I've been very hard-nosed about not regarding the length of these films while making them. My feeling at the time was to let the story be what it wants to be. I'd rather have a strong half-hour than a dragged out & bloated hour-plus picture. But there's no doubt that I've compromised my inclusion in some festivals due to the odd runtime. It makes me all the more proud for the festivals that I have gotten in, knowing that in some cases they sacrificed four ten-minute shorts to make room for my mid-length, instead of the other way around. But the festival run cycle is only a year, I have to live with these movies the rest of my life and that outweighs satisfying conventional programming practices.
I think the length works, especially in maintaining a feeling of dread throughout. Is there much improvisation on the set with the camera in getting these cutaways that help establish that mood or do you storyboard everything?
“Air Conditions” was fully storyboarded. I discovered our location early on and replicated the blueprints in my storyboarding software. We ended up re-imagining the final sequences due to the creature circumstances I just touched on, but there's an animatic I made that is basically a cartoon version of the movie, it's pretty spot on in comparison. There were some moments that made it in the film that I didn't plan for, rather my crew would discover something and bring it to me for consideration. It's a big, weird building and the more we explored the more cool stuff we found to include in our footage.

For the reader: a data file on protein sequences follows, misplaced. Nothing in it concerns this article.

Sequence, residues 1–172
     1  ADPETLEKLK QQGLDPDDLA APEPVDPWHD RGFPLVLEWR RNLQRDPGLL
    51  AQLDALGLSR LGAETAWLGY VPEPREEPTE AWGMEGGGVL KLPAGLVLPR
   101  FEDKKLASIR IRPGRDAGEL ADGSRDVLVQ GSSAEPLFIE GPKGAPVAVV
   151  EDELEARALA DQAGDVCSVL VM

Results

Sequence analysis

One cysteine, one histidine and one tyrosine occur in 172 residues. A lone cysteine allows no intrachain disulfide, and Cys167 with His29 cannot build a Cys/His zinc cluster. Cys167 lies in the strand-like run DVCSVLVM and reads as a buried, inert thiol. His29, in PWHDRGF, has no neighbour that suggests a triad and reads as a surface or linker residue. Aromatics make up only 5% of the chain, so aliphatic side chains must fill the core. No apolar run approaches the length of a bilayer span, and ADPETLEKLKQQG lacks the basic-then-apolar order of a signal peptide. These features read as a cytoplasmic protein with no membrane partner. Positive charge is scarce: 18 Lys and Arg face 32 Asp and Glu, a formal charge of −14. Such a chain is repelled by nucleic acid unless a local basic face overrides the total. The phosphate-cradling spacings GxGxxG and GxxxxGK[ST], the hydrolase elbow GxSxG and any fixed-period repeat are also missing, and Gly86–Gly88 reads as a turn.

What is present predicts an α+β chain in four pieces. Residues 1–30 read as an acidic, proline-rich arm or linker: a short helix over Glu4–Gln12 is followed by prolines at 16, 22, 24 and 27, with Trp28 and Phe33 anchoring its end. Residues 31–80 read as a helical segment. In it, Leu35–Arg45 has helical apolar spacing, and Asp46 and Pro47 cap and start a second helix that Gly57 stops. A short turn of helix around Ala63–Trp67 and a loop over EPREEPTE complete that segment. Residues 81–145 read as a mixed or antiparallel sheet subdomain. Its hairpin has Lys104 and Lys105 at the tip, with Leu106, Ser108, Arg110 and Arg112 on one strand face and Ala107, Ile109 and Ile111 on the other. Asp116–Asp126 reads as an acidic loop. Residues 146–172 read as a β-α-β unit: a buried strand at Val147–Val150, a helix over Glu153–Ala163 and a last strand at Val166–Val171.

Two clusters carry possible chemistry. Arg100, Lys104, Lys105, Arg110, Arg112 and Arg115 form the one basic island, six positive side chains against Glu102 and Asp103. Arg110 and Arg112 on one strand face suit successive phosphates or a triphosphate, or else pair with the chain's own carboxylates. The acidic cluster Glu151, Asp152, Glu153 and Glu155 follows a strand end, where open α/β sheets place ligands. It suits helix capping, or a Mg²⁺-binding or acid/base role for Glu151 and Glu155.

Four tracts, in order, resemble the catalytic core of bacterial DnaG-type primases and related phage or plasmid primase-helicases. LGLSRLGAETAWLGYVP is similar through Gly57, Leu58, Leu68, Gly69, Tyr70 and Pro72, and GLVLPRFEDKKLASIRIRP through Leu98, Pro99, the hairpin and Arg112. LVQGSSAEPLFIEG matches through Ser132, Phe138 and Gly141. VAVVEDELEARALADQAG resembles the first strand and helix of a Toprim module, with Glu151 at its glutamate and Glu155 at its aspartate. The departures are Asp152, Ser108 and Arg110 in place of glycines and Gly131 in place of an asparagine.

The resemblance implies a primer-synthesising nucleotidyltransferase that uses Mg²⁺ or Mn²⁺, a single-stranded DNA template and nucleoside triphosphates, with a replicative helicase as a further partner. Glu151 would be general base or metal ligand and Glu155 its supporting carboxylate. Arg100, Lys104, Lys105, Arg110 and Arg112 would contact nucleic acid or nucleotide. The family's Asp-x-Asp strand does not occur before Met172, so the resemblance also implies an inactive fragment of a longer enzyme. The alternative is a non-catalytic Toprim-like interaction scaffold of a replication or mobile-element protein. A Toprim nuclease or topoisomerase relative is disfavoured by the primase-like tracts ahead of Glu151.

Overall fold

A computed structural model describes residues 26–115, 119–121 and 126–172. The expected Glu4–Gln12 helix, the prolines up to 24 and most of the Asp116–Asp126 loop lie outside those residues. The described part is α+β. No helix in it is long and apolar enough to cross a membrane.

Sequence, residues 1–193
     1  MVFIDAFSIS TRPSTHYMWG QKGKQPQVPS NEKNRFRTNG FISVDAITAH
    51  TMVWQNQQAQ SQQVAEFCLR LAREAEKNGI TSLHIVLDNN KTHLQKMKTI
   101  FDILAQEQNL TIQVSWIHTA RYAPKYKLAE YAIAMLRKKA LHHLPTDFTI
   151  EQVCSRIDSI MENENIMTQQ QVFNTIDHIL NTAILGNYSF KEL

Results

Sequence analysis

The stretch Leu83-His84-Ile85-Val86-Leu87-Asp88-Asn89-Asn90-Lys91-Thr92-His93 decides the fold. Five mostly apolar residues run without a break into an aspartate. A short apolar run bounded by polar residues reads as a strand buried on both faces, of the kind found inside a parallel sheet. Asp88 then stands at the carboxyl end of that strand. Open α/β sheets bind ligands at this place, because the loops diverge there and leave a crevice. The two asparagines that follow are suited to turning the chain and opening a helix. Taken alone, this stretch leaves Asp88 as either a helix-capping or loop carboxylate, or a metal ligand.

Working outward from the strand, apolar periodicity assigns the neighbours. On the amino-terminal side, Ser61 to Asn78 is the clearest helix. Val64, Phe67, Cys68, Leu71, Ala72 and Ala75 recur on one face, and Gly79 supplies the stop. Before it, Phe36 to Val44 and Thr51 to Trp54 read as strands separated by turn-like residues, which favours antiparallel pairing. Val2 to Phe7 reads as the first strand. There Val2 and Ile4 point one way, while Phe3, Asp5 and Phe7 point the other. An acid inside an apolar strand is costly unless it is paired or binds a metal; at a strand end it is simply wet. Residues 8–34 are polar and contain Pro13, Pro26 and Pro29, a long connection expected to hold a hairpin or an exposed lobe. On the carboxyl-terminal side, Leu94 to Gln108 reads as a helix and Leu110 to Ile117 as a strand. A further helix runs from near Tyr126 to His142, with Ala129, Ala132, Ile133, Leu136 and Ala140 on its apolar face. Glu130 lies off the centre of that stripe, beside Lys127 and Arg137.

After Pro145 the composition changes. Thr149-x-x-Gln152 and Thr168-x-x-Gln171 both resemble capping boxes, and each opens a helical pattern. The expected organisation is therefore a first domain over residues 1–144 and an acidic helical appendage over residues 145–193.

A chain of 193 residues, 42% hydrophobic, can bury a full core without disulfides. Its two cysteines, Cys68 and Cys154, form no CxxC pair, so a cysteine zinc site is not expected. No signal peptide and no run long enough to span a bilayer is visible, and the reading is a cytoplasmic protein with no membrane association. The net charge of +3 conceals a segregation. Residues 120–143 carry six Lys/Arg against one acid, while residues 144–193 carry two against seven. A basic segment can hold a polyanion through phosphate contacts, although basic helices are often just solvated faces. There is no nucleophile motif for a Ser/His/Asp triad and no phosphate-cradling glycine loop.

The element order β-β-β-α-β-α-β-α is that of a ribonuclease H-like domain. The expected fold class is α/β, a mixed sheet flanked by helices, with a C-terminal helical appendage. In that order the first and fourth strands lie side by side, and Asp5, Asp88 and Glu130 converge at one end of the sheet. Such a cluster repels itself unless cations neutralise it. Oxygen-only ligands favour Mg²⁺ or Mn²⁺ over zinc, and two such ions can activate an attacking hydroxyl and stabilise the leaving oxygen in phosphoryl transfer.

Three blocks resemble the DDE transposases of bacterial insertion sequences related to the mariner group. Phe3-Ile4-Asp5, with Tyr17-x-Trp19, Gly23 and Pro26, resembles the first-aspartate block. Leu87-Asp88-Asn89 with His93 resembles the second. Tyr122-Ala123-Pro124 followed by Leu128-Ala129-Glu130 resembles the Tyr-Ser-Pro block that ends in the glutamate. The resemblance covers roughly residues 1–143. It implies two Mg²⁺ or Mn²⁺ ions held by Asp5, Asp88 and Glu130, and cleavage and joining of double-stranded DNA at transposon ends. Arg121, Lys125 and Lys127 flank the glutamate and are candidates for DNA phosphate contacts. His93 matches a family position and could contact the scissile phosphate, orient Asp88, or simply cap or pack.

There is the scene where The Building Manager walks through the dark room towards the brightly lit passage and slams the door behind him, leaving the audience in darkness. We found that while exploring and it became the movie's final shot. I remember at the time, I asked my DP to stand where I wanted camera to be while I acted out the part for his feedback. I slammed the door like I wanted the character to do and ended up locking myself in that room with spiders and dead rats for a long time.